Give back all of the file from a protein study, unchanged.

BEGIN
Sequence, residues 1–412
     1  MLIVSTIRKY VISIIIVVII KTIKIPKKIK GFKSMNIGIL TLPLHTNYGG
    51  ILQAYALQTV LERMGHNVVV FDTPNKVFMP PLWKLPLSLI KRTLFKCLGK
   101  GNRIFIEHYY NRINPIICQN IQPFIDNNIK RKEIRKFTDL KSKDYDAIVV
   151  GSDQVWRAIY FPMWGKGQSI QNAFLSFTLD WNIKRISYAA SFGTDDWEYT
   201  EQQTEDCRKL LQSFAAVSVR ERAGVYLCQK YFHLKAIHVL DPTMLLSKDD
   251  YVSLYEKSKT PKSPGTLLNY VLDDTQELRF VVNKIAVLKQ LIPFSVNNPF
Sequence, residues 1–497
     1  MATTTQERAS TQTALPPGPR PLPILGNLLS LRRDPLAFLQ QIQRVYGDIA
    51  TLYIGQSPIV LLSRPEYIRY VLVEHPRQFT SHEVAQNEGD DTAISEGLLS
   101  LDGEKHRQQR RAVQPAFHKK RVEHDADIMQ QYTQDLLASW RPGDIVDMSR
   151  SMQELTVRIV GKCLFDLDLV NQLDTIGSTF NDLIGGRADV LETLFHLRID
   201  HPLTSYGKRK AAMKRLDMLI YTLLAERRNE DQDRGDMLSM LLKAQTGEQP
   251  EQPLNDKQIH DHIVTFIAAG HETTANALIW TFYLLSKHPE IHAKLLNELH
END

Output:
Sequence, residues 1–412
     1  MLIVSTIRKY VISIIIVVII KTIKIPKKIK GFKSMNIGIL TLPLHTNYGG
    51  ILQAYALQTV LERMGHNVVV FDTPNKVFMP PLWKLPLSLI KRTLFKCLGK
   101  GNRIFIEHYY NRINPIICQN IQPFIDNNIK RKEIRKFTDL KSKDYDAIVV
   151  GSDQVWRAIY FPMWGKGQSI QNAFLSFTLD WNIKRISYAA SFGTDDWEYT
   201  EQQTEDCRKL LQSFAAVSVR ERAGVYLCQK YFHLKAIHVL DPTMLLSKDD
   251  YVSLYEKSKT PKSPGTLLNY VLDDTQELRF VVNKIAVLKQ LIPFSVNNPF
Sequence, residues 1–497
     1  MATTTQERAS TQTALPPGPR PLPILGNLLS LRRDPLAFLQ QIQRVYGDIA
    51  TLYIGQSPIV LLSRPEYIRY VLVEHPRQFT SHEVAQNEGD DTAISEGLLS
   101  LDGEKHRQQR RAVQPAFHKK RVEHDADIMQ QYTQDLLASW RPGDIVDMSR
   151  SMQELTVRIV GKCLFDLDLV NQLDTIGSTF NDLIGGRADV LETLFHLRID
   201  HPLTSYGKRK AAMKRLDMLI YTLLAERRNE DQDRGDMLSM LLKAQTGEQP
   251  EQPLNDKQIH DHIVTFIAAG HETTANALIW TFYLLSKHPE IHAKLLNELH